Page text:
BOEM has developed a number of national and regional guidelines for renewable energy activities on the Outer Continental Shelf (OCS). These informal documents are intended to provide lessees, operators and developers with additional information or interpretation of a regulation, OCS standard or regional requirement, clarification for implementation of a special lease stipulation or regional requirement, or updated administrative information (e.g., telephone listings, office address).
In addition, the Northeast Ocean Plan and Mid-Atlantic Regional Ocean Action Plan (the Plans) describe a series of collaborative actions and best practices related to the use of data, interjurisdictional coordination, and stakeholder engagement that will inform and guide Federal, State, Tribal, and Northeast and Mid-Atlantic Fishery Management Council activities under existing authorities. The Plans promote healthy ocean ecosystems and sustainable ocean uses. Consistent and within existing statutory authorities, BOEM will use the Plans to inform and guide its actions and decisions in the Northeast and Mid-Atlantic areas. The companion Northeast and Mid-Atlantic Ocean Data Portals (Data Portals) present thousands of publicly available maps that represent components of the marine ecosystem and a wide range of human activities. BOEM will consider these data products available from the Data Portals in its decision-making, and encourages lessees and applicants to do so also.
Application and Leasing Guidance
- Information Requirements for a Renewable Energy Site Assessment Plan (SAP) (revised June 2019). These guidelines clarify and supplement information requirements for SAP submittals. This information is necessary for BOEM to complete analyses under National Environmental Policy Act and other applicable laws and regulations.
- What’s New (June 2019):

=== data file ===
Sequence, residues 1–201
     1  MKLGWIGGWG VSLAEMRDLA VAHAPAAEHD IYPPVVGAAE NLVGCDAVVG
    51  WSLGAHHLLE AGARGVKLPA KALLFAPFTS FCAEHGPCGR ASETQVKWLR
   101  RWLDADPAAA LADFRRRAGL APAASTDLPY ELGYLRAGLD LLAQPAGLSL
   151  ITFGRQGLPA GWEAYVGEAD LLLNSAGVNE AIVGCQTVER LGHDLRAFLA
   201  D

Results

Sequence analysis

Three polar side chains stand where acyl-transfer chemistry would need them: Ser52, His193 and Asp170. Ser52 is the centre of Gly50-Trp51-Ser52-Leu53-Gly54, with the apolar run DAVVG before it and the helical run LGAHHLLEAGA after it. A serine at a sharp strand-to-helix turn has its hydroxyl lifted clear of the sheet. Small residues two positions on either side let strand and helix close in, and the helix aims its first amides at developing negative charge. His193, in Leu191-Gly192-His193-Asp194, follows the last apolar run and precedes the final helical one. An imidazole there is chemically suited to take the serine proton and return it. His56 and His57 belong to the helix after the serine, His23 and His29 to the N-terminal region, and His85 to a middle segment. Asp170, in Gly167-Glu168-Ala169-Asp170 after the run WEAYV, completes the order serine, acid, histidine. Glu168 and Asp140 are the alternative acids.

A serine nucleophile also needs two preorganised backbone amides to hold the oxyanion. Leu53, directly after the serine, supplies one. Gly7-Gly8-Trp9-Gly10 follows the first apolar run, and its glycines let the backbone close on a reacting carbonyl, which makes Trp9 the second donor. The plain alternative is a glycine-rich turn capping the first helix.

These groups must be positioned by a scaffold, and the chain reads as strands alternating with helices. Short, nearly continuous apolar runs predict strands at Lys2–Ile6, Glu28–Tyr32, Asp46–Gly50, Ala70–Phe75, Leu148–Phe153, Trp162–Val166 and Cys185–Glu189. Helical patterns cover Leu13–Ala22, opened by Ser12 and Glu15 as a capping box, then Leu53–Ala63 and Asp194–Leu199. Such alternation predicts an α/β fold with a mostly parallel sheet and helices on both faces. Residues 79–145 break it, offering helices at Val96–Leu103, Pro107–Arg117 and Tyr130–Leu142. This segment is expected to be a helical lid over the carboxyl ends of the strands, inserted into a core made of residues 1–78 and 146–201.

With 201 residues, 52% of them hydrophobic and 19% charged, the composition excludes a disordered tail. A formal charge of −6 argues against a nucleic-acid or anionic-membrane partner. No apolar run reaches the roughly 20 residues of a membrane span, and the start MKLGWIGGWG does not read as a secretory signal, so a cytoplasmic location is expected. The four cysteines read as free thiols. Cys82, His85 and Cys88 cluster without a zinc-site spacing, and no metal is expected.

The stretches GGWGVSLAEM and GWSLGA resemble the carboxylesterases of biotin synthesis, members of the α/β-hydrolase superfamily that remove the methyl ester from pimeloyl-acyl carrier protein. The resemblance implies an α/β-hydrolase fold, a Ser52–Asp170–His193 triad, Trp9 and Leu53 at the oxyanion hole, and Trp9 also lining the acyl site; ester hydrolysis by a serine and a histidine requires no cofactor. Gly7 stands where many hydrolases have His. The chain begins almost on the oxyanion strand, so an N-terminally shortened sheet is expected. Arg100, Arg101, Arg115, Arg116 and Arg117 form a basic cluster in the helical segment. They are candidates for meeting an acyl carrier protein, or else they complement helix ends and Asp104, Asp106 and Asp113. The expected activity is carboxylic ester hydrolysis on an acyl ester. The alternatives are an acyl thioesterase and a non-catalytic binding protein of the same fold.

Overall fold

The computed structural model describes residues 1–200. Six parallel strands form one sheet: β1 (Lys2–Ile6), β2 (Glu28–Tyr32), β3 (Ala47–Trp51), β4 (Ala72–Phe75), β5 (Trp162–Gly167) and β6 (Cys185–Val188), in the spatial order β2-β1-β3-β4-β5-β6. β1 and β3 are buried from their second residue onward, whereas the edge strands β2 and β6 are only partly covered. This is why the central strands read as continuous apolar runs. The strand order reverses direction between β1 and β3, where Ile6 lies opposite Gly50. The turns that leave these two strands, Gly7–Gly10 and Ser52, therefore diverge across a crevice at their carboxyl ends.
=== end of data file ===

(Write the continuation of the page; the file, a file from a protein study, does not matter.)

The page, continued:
- Clarified requirements for metocean buoys
- Clarified BOEM SAP review timeline
- Identified applicability of Best Management Practices to meteorological towers or metocean buoys
- Added oil spill response requirements for SAP activities
- Added SAP template for metocean buoys
- Updated filing addresses
- Information Requirements for a Construction and Operations Plan (COP) (April 2016). These recently updated guidelines (1) provide data requirements to help BOEM analyze potential environmental and socioeconomic effects and operational integrity of proposed construction, operation, and decommissioning activities; (2) provide recommendations for coordinating with owners and operators of telecommunication cables that traverse a BOEM-issued renewable energy lease area; and (3) provide clarification on the site characterization data that the lessee submits with its initial COP to support BOEM’s review of the lessee’s initial and subsequent phases of development of the lease area, when the lessee proposes phased commercial development of the lease area.
- Draft Design Envelope Guidelines (January 2018) - In order to take advantage of the rapid pace of technological development within the offshore wind industry, BOEM has issued draft guidelines for the use of a “Design Envelope” approach in Construction and Operations Plans (COPs) for offshore wind energy facilities in the United States. This would afford developers a degree of flexibility and allow them to make certain project-design decisions—such as which turbines to use—at the more commercially advantageous time later in the project-development process.
- Providing Information on Fisheries Social and Economic Conditions for Renewable Energy Development on the Atlantic OCS (October 2015). These guidelines provide guidance to lessees in BOEM Atlantic planning areas to help comply with fishery information requirements in renewable energy plans.
- Survey Guidelines. Before BOEM will approve the siting of a facility, structure, or cable proposed for a renewable energy project on the OCS, an applicant must submit with its Site Assessment Plan, or General Activities Plan, as applicable. For more information, click here.